Maroney was found to be fatally wounded and died within forty-eight hours after the fight was over. Thus we were well clear of the two most dangerous men, and in all the other cases, were able to repair damages, though my own wound was a severe one, as well as that of Agustin, who had been shot

266 Ballou's Monthly Magazine.

in the month by my bullet which was intended for his head. The poor black steward remained gagged and shut up in his room during all this uproar, and when released had turned nearly white from fright, expecting to be either hung at the yardarm or thrown overboard. But short-handed as we were, Captain Knapp took the wisest course in saying little about it, and assuming a conciliatory though firm tone toward the guilty men. There was no further danger, now that the two master-spirits, Maroney and Pedro, were gone to their final account.

      The captain and second mate, when the alarm was first given, had found some of the firearms already loaded. This had been done privately by the steward, and was sufficient evidence of his guilty intentions, but he had not ventured to remove any of the guns before the moment for action had arrived, as their absence from the rack in the cabin would have been noticed. By the prompt action of the captain, in caging him quietly at the outset, we were rid of a powerful enemy acting in our rear.

      Maroney had refused to trust Joe Ashley, and had left him in the forecastle, trusting to strike the blow so quickly as to get possession of the brig before any harm could be done by the interference of Joe. His distrust of me had returned after I had left him to take my trick at the wheel, and he had stationed Tom Atkins at the corner of the galley to keep a constant watch upon my movements, and to report if I was seen to hold the least communication with the officer of the deck. But all had been so cleverly managed that the mutineers had not the least suspicion of the warm reception in store for them when they moved aft to the attack.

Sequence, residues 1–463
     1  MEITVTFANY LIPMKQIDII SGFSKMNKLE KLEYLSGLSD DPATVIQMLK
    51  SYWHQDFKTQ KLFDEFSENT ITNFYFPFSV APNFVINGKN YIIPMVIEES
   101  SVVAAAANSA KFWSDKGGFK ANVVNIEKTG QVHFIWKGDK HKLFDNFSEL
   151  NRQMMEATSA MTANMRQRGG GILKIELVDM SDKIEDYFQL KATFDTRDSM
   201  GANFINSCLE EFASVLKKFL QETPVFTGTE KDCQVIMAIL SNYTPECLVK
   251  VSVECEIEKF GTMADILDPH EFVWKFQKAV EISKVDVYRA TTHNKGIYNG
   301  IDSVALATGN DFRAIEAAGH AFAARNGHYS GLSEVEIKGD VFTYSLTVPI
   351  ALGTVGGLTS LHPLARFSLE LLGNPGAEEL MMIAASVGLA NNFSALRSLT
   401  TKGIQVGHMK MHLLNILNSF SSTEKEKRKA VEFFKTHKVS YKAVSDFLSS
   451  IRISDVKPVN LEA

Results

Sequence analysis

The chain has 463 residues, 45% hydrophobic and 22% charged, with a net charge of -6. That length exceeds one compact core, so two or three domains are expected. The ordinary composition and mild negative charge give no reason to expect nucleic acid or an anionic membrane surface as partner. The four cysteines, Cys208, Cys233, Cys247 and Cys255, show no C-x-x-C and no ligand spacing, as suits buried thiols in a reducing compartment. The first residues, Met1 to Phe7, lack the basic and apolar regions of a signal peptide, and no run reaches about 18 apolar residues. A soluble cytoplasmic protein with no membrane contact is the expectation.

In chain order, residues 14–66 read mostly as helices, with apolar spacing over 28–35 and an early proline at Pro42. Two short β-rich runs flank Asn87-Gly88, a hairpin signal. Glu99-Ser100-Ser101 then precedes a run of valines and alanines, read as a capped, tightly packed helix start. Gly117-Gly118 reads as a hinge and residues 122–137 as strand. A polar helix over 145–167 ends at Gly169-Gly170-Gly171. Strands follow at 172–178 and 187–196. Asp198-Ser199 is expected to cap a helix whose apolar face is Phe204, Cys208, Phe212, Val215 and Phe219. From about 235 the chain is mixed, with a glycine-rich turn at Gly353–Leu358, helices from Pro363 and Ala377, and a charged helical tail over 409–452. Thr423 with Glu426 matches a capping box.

We all felt sorry for the sad fate of poor Jordy the Shields man, a well-meaning but credulous fellow, who had been frightened into the business by Mike Maroney.

      On our arrival at Liverpool, a legal investigation was held, and the survivors of the mutineers, three in number, were sentenced to seven years penal servitude, the steward, from not having been actually engaged in any overt act, escaping with an imprisonment of only one year.

      It proved a lucky piece of business for me and Joe Ashley, as in addition to our pay, the owners rewarded us liberally for our agency in saving the vessel and their money bags.

      I never knew just how much gold and silver were in those packages, but it was dearly bought with the lives of three men, and the wounding and maiming of nearly all the rest on board the Jupiter.

      I shall carry this hideous mark through the whole voyage of life and have good reason to remember my first and last cruise in a lime-juicer.


Author: Macy, William Hussey
Title: The Mutiny on the Jupiter.
Publication: Ballou's Monthly Magazine.
Vol/No/Date: Vol. 45, No. 3 (Mar 1877)
Pages: 262-266